The State Bar Court of California has suspended the law license of Richard Foster, an attorney who lost a years-long legal battle with former professional swimmer Dagny Knutson over his representation of her in 2010. That’s according to documents obtained by the Southern California News Group and published this week in The OC Register.
Foster had already been ordered to pay Knutson $617,800 in damages when the Orange County Superior Court found that he’d committed a breach of fiduciary duty and fraud. The legal battle was winding and complex, with a judge throwing out that verdict before an appeals court reinstated it and the state’s Supreme Court rejected Foster’s final appeal.
The conflict centered around Foster’s relationship with USA Swimming when he represented Knutson and fellow pro swimmer Kate Ziegler in 2010. Knutson was a college-age swimmer who skipped the NCAA arena to turn pro. USA Swimming offered to pay for tuition, room and board and training expenses for Knutson and Ziegler if they moved to the elite training group USA Swimming was trying to build in Southern California. But the USA Swimming official (Mark Schubert) who offered that deal was let go, and USA Swimming then informed the swimmers that it would only cover some of those expenses.
Foster represented Knutson and Ziegler in trying to procure a better deal. But Foster had a long relationship with USA Swimming and its president, Chuck Wielgus. Foster had even represented Schubert legally and had represented USA Swimming in front of FINA, the world’s governing body for swimming. Knutson says the deal he ultimately struck was much worse than the original deal. And the California courts system eventually ruled that Foster had willfully concealed his relationships with USA Swimming and Schubert from Knutson.
You can find more full context on the legal dispute here:
- Dagny Knutson wins civil suit against former attorney
- Dagny Knutson’s lawsuit drags on, appealing judge’s order
- Dagny Knutson back in court in fraud case against former attorney
- Dagny Knutson wins appeal in suit vs former attorney
- State Supreme Court rejects Richard Foster’s final appeal of Knutson civil suit
The new OC Register report says the State Bar Court found Foster “culpable” on five of seven charges of misconduct and “ruled that Foster misled and betrayed the trust and confidence of a client… to protect his business and personal relationships with USA Swimming, its executive director Chuck Wielgus, Richard Young, an attorney for the NGB, and other leading figures in the swimming community.”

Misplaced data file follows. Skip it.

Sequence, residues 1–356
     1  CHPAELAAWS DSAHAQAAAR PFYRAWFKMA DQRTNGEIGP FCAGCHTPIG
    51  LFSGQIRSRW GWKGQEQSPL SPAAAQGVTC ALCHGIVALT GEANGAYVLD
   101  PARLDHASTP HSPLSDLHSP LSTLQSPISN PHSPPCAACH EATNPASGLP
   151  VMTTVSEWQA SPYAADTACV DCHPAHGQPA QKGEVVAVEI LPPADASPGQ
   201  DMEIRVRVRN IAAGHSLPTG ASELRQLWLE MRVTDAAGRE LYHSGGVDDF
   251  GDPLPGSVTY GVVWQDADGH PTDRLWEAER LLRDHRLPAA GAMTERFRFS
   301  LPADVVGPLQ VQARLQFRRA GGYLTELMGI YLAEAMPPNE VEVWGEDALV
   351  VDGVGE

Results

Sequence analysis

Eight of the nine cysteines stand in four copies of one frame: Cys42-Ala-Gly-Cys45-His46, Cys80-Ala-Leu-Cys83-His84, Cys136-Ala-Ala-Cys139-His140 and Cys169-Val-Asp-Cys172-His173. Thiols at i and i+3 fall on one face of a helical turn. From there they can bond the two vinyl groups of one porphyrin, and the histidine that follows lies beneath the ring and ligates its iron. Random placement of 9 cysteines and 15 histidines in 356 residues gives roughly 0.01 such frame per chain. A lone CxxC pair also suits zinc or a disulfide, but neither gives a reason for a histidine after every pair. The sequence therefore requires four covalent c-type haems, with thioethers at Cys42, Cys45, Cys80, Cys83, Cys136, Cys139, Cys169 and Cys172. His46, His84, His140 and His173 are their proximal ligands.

Foster’s license was suspended for a year, though the Bar Court stayed all but 60 days of that ban. Foster will be on two years probation as well.
Foster told The OC Register that he expected a suspension because of the prior ruling in the civil lawsuit, but still maintains his innocence in his representation of Knutson:
“We expected some kind of suspension just because of the fact that there is a jury verdict against me,” he said in an e-mail, per the Register report. “The State Bar Judge’s decision reflects this. As you know, I believe that the jury verdict was flawed because I negotiated the best athlete contract in USA Swimming’s history and didn’t charge Dagny for it. The only reason she lost the contract is because she didn’t meet the performance markers because of her eating disorder, a fact she didn’t tell me about when I negotiated her contract. I do not believe that I did anything wrong.”
Knutson was represented in this case by Bob Allard, who has represented a number of clients in lawsuits against USA Swimming, many of them relating to athlete abuse. He provided a lengthy statement in the Register story:
“Sadly, as egregious as it has proven to be, this situation is not unique to the swimming community,” Allard says in the Register report. “By no means is this the first time that we have seen a powerful swimming executive manipulate a female athlete for personal gain. Seemingly countless women have been used as mere pawns to advance a broader agenda within USA Swimming to win medals and make money at all costs, even if the welfare of good and innocent people are sacrificed in the process.
“Whether it’s Ariana Kukors-Smith, Deena Deardurff-Schmidt, Kelley Currin, Dia Rianda, Jancy Thompson, Suzette Moran or Michael Saltzstein, it seems that USA Swimming, at least under the old regime, would not hesitate to throw its members under the bus in order to advance its own selfish interests. We can only hope that USA Swimming’s new leader Tim Hinchey is serious about making radical changes within this great sport because it is desperately in need of a drastic culture change.”